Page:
Digital marketing is often talked about in general terms. I hear young people describe their career goals as wanting to become a “digital marketer”. They have identified a growing field to join, which is good, but this is far too general. What do you see yourself doing, I will ask? On a given day, in a given moment? Are you pushing out an email? Are you sending a tweet? Analyzing web traffic? Designing a mobile app?

The thing about digital marketing is, everyone gets it at about 10,000 feet. However, when you start to zoom in, it can be difficult to get everything at 1,000 feet. It is nearly impossible to get everything, or even more than two or three things at 100 feet. An optimization expert probably can’t design an effective email campaign. A social media strategist would probably struggle to build actionable segments in a database. Each of these things requires a different skill set, and requires that successful individuals spend a lot of time developing their expertise. It simply isn’t reasonable for someone to be an expert in all areas of digital marketing.

Depending on your level of experience, you may not need to have a specialized skill set just yet. However, I have found that it is beneficial to have a specialized area of interest that you can speak to intelligently. There are plenty of areas worth specializing in that don’t require many extra years of advanced education. You can specialize in a function (email or analytics) or specialize in a specific tool (Google Analytics or Adobe Campaign). The specialization doesn’t necessarily require a certification (but those help). It is important that you quickly acquire relevant experience that you can speak to. What’s the best way to get this experience? See above comment about certifications.

I fall into the category of a generalist. If I’m trying to sound important, I’ll call myself a Digital Strategist.  If I could do it all over again, I’d probably have at least one specialty that I could fall back on. While I have managed to succeed as a generalist, certain doors within the consulting world have remained closed to me.  Being a generalist requires you to be develop a reputation for having “softer” skills, such as problem solving, industry expertise, quantitative skills, business acumen…and it helps if you can bundle more than one of these. It does offer some flexibility – I don’t have to worry about a tool or technology falling out of favor. But I can’t even count the number of times I’ve been asked if I have experience with email, asset management, analytics, or lead tracking tools. This specialized experience would have opened doors for me, leading to even more valuable experience.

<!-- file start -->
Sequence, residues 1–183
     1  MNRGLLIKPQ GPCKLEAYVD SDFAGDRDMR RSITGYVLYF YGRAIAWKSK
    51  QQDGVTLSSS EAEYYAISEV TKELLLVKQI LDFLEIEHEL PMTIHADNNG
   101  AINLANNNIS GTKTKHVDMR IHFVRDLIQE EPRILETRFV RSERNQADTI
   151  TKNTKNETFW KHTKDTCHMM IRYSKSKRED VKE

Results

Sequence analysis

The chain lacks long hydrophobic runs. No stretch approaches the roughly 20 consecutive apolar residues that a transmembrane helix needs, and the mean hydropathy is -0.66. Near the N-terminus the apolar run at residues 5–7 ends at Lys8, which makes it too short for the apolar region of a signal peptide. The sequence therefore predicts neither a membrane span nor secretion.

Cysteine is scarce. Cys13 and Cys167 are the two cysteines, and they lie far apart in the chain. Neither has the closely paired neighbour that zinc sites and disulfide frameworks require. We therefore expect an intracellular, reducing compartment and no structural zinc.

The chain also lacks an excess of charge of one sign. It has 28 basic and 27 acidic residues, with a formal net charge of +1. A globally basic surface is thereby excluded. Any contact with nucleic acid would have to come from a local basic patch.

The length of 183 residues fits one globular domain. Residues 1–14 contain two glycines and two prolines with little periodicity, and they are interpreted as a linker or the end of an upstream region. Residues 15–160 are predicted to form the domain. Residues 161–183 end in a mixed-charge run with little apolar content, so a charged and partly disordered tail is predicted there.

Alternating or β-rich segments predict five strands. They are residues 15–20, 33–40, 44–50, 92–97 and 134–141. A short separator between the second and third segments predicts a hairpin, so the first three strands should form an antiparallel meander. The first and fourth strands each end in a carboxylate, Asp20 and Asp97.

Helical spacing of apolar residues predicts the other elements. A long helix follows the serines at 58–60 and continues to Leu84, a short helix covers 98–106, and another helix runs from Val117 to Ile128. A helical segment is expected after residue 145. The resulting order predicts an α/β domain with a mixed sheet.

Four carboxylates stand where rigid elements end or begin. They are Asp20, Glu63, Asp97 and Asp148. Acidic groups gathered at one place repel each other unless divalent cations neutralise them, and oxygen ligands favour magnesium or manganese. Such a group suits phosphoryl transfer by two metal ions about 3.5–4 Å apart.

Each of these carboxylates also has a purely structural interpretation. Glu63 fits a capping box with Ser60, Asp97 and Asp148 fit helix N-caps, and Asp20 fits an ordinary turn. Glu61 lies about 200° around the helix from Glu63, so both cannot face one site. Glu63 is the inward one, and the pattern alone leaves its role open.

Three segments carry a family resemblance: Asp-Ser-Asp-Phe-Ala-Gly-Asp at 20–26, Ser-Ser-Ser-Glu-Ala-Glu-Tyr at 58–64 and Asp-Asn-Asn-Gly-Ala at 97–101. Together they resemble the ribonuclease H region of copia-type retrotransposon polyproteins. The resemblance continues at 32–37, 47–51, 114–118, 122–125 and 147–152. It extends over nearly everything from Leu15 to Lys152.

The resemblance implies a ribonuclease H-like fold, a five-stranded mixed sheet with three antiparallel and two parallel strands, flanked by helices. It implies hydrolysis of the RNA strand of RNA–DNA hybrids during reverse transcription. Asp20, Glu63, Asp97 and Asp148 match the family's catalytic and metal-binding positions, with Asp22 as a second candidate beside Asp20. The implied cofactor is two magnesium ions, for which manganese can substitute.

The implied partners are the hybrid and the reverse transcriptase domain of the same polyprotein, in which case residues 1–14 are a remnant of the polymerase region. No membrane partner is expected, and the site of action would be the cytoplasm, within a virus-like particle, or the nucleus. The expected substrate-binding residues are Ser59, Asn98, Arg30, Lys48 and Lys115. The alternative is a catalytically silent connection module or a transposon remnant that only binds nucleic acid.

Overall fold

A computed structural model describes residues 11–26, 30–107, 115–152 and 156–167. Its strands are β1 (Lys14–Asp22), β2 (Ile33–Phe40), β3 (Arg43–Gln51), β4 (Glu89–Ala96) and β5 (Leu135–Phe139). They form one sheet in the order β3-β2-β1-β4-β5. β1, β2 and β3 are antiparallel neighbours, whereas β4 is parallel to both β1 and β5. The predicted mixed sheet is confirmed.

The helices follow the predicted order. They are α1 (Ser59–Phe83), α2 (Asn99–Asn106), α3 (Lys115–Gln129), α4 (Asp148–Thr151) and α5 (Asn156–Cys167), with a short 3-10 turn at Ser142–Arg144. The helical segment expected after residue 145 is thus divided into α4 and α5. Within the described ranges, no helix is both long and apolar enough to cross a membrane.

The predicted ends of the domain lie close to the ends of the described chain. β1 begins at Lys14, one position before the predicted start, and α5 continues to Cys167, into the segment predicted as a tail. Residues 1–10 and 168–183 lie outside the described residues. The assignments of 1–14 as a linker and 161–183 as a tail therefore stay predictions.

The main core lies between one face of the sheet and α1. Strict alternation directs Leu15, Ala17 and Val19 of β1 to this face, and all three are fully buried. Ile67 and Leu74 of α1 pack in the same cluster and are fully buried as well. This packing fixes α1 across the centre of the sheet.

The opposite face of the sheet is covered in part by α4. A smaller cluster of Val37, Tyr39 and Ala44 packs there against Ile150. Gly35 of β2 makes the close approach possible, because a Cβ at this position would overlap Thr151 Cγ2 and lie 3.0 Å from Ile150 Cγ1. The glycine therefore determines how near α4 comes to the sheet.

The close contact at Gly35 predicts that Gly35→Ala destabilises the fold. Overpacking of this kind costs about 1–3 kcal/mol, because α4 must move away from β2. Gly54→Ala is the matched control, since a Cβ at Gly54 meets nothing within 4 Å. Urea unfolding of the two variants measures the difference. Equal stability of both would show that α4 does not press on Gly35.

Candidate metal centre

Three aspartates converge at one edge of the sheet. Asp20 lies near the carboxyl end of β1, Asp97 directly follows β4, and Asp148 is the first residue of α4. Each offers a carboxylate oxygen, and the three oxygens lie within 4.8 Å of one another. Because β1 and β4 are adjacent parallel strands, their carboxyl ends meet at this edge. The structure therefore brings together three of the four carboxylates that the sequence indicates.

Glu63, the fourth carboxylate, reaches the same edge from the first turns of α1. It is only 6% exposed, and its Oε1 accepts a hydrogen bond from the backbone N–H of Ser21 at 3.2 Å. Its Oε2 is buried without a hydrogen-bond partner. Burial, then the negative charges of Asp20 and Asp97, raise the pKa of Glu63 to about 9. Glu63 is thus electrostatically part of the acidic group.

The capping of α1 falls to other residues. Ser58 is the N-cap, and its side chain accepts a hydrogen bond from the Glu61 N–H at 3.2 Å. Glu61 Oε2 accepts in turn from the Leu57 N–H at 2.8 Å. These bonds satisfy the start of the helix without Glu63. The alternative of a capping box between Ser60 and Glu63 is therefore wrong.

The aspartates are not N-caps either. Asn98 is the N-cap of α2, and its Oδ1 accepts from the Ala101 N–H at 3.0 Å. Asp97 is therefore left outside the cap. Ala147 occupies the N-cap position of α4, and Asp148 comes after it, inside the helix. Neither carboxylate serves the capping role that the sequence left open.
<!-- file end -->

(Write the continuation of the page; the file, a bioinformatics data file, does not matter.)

Growth Is Painful

Your job won’t be easy. But it won’t be challenging in the way a difficult test is. It is messy, without a clearly defined problem, much less an easily identifiable solution. It will feel like you are spinning your wheels, wasting time. It will feel like you aren’t good at your job. This is how it should be. Because this is why a robot can’t do your job.

Look back a day, a week, a month. Has progress been made? It may not have been pretty, but the job got done. Most importantly, a replicable job got done. You are now the person that knows how to handle this particular challenge. You’ve learned. You’ve grown. It was painful.

These are the building blocks to a career. We learn through experience, which is why employers place such a premium on it. The only way to grow, to gain quality experience is to embrace the slog. Embrace the messy, painful, difficult situations that make you want to bang your head against the wall. Dive into the problems that shouldn’t be there, the ones that make everyone throw their hands in the air in frustration. Volunteer to figure out how to navigate politics, antiquated systems, difficult supplier or clients.

We aren’t all Nobel prize winners discovering game theory on a white board. This is how most of us will figure out what we are good at and establish our place in the world. It’s painful, but it’s worth it.

Digital Marketing Career Paths: Consulting

College students or recent college grads that are interested in a career in digital marketing will reach out to me occasionally. It’s a topic I know a lot about, but I almost always disappoint them when I tell them that I don’t actually do digital marketing. I consult on it. I help digital marketers leverage new tools and marketing teams develop new digital capabilities. But I don’t actually stick around to do any of those things. It’s worth noting that my firm does have people that stay behind to do the actual work, but that’s a different post.

So what do I do? Well, the common thread for me has been to work with marketing departments that are undergoing some kind of change. This change is usually geared towards becoming more digital and more data-driven. This may sound simple on the surface, but once you start to dig a little it gets complicated. Really complicated.

We help them organize their data. We help them organize their teams. We help them decide which digital capabilities they want. We help them understand which technologies and tools they should invest in. We help them install these tools. We develop org charts, processes, and governance to ensure everything runs effectively. Within each of these categories, there are other tricky problems that emerge and we help our clients solve these too. With as fast as technology and media is changing, there is plenty of work for consultants in the digital marketing world.